Contributors
Callahan, Ty William, Sigler, Mary, Murphy, Jeffrie, et al.
Created Date
2013-05

Contributing to the small but growing body of research on linguistic discrimination in legal settings, this thesis conducts a sociolinguistic investigation of the impact of an individual’s accent on juror perceptions of defendant favorability and innocence. The study used an online questionnaire in which sixty mock jurors were each asked to evaluate the audio testimony of a defendant representing one of three English ethnolects: African American, British South African, or Caucasian American. In addition to rating the defendant’s persuasiveness, honesty, credibility, trustworthiness, and guilt, participants were also asked to determine an appropriate punishment (if any) for the defendant. Results indicate ...

Contributors
Maerowitz, Max Robert, Prior, Matthew, Adams, Karen, et al.
Created Date
2014-05

Modern Americans ignorantly live under a blanket of unread terms, conditions, and binding contracts. Often, these contracts (mostly associated with products and services) come and go with little effect. Periodically, the products or services cause the consumer harm, leading them to seek repair. The consumer then realizes that all the fine print they failed to read makes an impactful legal difference. This paper analyzes the work of Professor Radin through her book, Boilerplate. It goes on to explore many other arguments presented by contract theorists and makes substantial claims regarding the dangers of boilerplate (unread terms and conditions).

Contributors
Becker, Alexander Daniel, Koretz, Lora, Calleros, Charles, et al.
Created Date
2015-05

This report analyzes the intersection that is present between law and technology. It covers the basics of patents and intellectual property law, and then touches briefly about the software side of patent law. The future of patent and technology law are explored as well. The main focus of this report is the patent that was created for a beacon that provides for a full enterprise resource planning solution at both supply chain and full business levels.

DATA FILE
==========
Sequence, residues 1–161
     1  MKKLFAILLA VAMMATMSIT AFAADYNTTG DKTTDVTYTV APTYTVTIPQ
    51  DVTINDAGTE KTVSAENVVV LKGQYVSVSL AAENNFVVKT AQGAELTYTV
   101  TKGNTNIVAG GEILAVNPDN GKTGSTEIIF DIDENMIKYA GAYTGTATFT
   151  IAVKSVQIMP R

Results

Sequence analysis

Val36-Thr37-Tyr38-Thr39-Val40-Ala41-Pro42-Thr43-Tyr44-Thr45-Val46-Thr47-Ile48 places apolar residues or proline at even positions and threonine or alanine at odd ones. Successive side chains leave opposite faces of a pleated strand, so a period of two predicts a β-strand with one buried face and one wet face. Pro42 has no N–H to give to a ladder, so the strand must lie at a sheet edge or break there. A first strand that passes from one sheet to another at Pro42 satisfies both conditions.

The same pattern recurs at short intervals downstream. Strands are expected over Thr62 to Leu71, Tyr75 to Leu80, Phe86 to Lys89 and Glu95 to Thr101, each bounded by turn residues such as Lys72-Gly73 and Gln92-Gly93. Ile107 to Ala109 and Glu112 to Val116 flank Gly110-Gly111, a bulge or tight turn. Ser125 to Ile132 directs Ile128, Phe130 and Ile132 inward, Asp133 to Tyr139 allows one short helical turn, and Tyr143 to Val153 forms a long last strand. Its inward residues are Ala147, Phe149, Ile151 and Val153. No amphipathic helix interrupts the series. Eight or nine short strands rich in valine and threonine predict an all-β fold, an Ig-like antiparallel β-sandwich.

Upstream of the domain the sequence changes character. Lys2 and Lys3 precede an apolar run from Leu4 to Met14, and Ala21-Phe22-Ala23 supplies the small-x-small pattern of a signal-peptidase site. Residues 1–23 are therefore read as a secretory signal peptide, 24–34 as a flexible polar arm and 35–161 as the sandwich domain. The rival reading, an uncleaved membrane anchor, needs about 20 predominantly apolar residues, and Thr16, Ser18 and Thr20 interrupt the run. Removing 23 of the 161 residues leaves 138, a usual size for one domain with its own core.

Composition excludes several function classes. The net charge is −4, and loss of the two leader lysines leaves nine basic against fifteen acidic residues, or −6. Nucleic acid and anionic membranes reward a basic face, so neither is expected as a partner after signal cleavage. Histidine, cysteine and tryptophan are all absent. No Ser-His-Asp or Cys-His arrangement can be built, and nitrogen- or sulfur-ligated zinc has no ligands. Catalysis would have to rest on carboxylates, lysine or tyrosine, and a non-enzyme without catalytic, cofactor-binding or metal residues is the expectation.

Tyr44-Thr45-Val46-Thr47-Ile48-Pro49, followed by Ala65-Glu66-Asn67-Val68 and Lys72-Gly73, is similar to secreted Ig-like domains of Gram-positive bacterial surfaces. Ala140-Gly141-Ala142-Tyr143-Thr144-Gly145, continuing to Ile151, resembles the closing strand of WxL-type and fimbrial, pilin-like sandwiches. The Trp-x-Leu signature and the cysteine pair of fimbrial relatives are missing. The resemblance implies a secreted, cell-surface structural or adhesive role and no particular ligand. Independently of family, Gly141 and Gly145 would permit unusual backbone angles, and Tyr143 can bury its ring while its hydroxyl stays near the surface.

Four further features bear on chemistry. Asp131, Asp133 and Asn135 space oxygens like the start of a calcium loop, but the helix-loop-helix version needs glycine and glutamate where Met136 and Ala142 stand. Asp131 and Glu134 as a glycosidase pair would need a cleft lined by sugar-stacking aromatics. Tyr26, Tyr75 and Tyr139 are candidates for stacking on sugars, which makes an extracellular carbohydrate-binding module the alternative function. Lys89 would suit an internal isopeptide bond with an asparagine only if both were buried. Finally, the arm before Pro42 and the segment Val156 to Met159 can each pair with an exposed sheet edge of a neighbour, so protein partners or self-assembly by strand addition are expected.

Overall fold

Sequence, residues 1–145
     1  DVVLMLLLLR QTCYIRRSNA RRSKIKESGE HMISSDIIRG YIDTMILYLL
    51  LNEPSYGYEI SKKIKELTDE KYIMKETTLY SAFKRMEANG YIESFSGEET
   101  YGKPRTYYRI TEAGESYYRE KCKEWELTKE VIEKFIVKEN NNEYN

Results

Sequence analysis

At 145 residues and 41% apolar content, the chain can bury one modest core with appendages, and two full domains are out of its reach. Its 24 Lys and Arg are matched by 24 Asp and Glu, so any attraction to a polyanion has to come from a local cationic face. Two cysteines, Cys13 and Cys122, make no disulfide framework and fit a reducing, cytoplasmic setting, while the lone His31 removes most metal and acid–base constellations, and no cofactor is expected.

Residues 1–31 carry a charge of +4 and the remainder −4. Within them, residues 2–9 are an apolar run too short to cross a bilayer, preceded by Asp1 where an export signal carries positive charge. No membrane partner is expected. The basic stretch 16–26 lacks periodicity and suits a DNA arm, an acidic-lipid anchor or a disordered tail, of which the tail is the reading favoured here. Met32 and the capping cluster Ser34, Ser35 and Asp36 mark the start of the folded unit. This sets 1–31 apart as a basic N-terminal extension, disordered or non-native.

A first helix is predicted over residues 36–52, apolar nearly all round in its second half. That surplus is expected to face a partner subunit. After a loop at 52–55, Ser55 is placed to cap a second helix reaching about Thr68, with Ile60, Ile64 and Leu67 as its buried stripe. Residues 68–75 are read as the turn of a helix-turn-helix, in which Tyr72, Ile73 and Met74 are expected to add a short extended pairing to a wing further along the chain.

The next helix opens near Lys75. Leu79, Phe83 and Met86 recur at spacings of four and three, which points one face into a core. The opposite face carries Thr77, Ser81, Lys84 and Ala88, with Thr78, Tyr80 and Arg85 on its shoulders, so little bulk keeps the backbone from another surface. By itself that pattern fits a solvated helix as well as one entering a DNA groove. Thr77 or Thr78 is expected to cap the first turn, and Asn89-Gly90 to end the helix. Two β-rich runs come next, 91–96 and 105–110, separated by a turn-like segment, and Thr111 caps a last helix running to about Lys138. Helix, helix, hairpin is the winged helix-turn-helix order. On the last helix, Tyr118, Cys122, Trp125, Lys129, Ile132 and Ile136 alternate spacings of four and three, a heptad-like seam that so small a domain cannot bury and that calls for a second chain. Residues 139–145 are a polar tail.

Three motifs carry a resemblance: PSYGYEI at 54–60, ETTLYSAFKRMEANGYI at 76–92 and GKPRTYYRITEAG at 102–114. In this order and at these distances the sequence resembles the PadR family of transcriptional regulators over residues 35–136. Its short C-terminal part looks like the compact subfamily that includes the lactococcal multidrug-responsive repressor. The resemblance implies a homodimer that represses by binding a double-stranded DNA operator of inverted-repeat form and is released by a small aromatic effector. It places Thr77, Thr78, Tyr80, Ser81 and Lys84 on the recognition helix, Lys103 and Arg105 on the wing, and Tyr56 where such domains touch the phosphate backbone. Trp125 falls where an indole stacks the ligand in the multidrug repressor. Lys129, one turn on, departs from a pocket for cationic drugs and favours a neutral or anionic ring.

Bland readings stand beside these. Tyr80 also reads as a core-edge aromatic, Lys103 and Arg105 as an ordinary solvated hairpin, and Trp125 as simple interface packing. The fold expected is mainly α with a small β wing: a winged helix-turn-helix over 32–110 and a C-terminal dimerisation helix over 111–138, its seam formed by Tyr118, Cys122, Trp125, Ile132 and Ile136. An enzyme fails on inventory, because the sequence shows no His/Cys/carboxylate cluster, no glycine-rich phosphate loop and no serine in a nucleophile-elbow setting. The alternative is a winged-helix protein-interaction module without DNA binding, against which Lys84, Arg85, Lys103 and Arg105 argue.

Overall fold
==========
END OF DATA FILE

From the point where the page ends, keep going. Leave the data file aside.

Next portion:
Contributors
Shah, Dhara Vimesh, Michelle, Gross, Stevens, Yvonne, et al.
Created Date
2016-12

The purpose of this thesis was to estimate the potential health care cost savings from legalizing a physician assisted suicide (PAS) policy on both a national and individual scale. Given the evolving legal context of PAS paired with the rapidly rising health care costs and aging population in the United States, we hypothesized that implementing a PAS policy on a federal scale would significantly lower healthcare costs. We conducted our analysis using 2 methods: one based on data from the Netherlands and one based on data from Oregon. Overall, we found that while cost savings on a national level are ...

Contributors
Jenkins, Kylie, Cunningham, Chloe, Mendez, Jose, et al.
Created Date
2015-12

Barrett, the Honors College accepts high performing, academically engaged students and works with them in collaboration with all of the other academic units at Arizona State University. All Barrett students complete a thesis or creative project, supervised and defended in front of a faculty committee. The thesis or creative project allows students to explore an intellectual interest and produce an original piece of scholarly research. The thesis or creative project is a student’s opportunity to explore areas of academic interest with greater intensity than is possible in a single course. It is also an opportunity to engage with professors, nationally recognized in their fields and specifically interested and committed to working with honors students. This work provides tangible evidence of a student’s research, writing and creative skills to graduate schools and/or prospective employers.